The Nighty Nite – Dimples

In my first draft of this review I spent the whole first paragraph talking about how this sounds like the Paper Chase. Then it hit me, with Jon Congleton on vocals there wasn’t really much chance of ‘Dimples’ sounding like anything else. Then I listened again. There are elements of The Paper Chase, of course there are, but The Nighty Nite are so much more intense. In fact, they’re pretty terrifying. I would seriously not recommend listening to Dimples if you’re walking alone at night.

But do listen to this EP, it is certainly interesting, there is no real genre for music like this, so I’ll create one, for future reference. I think I’ll call this horror-art-punk-pop. Actually, that makes it sound shit. ‘Dimples’ is meticulously constructed, every single note is intended to evoke some kind of emotion; it’s essentially musical theatre. Oh god, that sounds shit too. Freak-folk! Does that sound good? It works though. This is freak-folk (I didn’t make that up, this genre actually exists!) at its freakiest.

There is one moment during the first song ‘Dimes in their Dimples’ which I feel epitomises the entire EP. About a minute and a half in there’s an all too familiar Paper Chase-a-like build up from the verse into the big chorus, with a huge crash of drums and a slick melody from Congleton. Or at least that is what you would expect to hear. Instead the chorus somewhat slides away with the minimum of fuss, it’s neat, it’s musically sparse, but it works. It builds up an atmosphere, or more appropriately, it builds the tension. At times the music sounds painful, like a backdrop to an Eastern European slash horror movie, there’s unintelligible noises and jingle bells – constant jingle bells through the first track. It is genuinely the only time I have heard jingle bells and not thought of Christmas. Perhaps ironically ‘In My Hospital Gown’ actually mentions Christmas.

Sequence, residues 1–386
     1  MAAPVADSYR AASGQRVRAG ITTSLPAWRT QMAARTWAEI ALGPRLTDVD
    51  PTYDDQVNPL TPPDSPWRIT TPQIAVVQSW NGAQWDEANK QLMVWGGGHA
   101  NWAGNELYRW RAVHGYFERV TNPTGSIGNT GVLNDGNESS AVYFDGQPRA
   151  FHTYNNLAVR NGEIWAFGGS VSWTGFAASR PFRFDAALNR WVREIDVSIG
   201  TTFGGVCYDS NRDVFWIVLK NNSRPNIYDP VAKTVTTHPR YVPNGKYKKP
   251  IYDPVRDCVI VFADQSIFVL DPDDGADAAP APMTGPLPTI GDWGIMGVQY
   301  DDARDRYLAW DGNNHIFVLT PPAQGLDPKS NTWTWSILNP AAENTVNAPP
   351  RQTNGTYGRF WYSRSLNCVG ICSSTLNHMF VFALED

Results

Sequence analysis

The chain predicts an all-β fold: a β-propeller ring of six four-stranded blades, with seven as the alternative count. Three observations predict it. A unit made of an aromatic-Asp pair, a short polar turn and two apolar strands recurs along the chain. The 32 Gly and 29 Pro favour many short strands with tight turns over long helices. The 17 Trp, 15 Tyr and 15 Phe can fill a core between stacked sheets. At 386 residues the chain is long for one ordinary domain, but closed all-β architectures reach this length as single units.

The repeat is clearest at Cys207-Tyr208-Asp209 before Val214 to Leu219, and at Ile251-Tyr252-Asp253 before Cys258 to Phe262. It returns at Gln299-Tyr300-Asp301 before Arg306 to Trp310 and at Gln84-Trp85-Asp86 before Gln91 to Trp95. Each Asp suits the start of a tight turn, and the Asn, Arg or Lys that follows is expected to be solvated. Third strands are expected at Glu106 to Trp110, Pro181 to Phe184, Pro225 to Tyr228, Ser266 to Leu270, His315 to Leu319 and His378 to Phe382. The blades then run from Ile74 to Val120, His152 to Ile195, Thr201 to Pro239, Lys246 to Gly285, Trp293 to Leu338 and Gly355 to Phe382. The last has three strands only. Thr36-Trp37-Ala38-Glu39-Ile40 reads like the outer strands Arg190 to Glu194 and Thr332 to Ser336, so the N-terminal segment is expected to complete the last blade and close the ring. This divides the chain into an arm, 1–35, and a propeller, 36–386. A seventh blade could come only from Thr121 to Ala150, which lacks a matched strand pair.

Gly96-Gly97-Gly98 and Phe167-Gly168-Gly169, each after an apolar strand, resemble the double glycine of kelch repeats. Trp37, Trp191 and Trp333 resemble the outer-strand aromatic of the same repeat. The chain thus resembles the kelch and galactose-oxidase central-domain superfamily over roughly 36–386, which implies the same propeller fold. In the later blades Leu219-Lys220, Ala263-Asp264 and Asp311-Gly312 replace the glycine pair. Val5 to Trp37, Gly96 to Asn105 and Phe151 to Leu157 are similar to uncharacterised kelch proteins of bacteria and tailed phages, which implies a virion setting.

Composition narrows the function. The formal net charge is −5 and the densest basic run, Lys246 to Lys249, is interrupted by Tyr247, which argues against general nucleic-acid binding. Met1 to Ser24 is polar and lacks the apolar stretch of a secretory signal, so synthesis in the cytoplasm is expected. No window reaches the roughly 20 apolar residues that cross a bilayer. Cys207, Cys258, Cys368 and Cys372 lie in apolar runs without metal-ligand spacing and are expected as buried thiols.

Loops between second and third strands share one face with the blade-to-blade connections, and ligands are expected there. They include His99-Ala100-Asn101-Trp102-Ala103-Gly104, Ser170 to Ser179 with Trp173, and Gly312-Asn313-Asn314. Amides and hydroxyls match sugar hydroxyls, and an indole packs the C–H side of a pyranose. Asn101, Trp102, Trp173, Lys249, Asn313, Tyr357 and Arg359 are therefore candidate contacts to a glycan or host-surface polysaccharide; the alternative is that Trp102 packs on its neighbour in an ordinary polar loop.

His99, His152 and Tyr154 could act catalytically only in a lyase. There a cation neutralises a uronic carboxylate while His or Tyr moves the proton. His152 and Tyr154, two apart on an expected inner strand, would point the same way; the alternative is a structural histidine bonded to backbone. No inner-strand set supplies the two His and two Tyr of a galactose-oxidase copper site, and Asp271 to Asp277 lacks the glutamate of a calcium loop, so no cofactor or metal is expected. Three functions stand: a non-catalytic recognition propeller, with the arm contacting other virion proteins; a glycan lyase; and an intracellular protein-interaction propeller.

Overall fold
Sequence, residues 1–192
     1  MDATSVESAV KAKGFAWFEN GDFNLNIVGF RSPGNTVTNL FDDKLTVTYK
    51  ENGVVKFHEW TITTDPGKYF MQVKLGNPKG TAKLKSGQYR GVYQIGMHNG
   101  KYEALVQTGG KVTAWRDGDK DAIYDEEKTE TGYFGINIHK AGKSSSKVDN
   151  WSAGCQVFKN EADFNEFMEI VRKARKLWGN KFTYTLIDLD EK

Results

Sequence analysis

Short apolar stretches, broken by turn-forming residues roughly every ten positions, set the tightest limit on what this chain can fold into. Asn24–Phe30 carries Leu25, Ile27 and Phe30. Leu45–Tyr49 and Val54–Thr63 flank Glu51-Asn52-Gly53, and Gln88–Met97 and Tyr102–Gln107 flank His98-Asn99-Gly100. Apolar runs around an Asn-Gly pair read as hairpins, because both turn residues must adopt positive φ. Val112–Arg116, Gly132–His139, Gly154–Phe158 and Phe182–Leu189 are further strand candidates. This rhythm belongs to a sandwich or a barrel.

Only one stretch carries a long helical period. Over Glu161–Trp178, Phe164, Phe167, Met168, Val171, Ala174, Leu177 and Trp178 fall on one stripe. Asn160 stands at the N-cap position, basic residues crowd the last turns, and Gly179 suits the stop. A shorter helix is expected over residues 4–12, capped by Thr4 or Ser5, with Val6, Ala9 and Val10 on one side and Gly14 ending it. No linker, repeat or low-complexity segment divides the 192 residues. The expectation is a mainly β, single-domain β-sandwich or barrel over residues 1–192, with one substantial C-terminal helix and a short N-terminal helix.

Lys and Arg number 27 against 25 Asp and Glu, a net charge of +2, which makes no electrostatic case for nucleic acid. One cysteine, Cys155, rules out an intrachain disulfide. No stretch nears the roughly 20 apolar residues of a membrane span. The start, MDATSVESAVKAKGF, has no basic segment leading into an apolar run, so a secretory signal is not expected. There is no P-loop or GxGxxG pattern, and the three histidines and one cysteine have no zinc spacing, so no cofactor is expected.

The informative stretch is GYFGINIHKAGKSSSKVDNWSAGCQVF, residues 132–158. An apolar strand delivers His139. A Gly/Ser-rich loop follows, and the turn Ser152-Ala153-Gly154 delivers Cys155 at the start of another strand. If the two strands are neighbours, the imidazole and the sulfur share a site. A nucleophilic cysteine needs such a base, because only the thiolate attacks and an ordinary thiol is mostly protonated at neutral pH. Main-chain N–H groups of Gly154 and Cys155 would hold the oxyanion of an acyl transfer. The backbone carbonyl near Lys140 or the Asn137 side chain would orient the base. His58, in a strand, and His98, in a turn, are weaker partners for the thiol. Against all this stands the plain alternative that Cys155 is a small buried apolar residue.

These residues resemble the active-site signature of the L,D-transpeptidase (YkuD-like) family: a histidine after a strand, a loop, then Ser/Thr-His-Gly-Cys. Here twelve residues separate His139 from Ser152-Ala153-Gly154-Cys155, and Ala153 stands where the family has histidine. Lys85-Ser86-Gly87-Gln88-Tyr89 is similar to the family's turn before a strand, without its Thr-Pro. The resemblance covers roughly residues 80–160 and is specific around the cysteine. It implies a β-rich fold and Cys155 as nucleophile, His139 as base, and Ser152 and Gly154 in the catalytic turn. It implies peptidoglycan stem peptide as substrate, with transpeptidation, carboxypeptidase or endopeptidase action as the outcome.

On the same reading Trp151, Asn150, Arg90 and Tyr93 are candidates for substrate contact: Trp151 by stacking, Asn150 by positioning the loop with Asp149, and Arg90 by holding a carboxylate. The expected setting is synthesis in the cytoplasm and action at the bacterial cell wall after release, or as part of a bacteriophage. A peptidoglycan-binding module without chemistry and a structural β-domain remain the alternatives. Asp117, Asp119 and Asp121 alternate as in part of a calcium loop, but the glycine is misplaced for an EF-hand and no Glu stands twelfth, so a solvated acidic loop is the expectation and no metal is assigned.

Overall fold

If you’re a Paper Chase fan, you’ll love this, it’s impossible not to. It’s Jon Congleton doing what he does best – delightfully fractured pop. The similarities are definitely there, but The Nighty Nite are more experimental, they like to play with emotions and to challenge the listener.

Accept the challenge.



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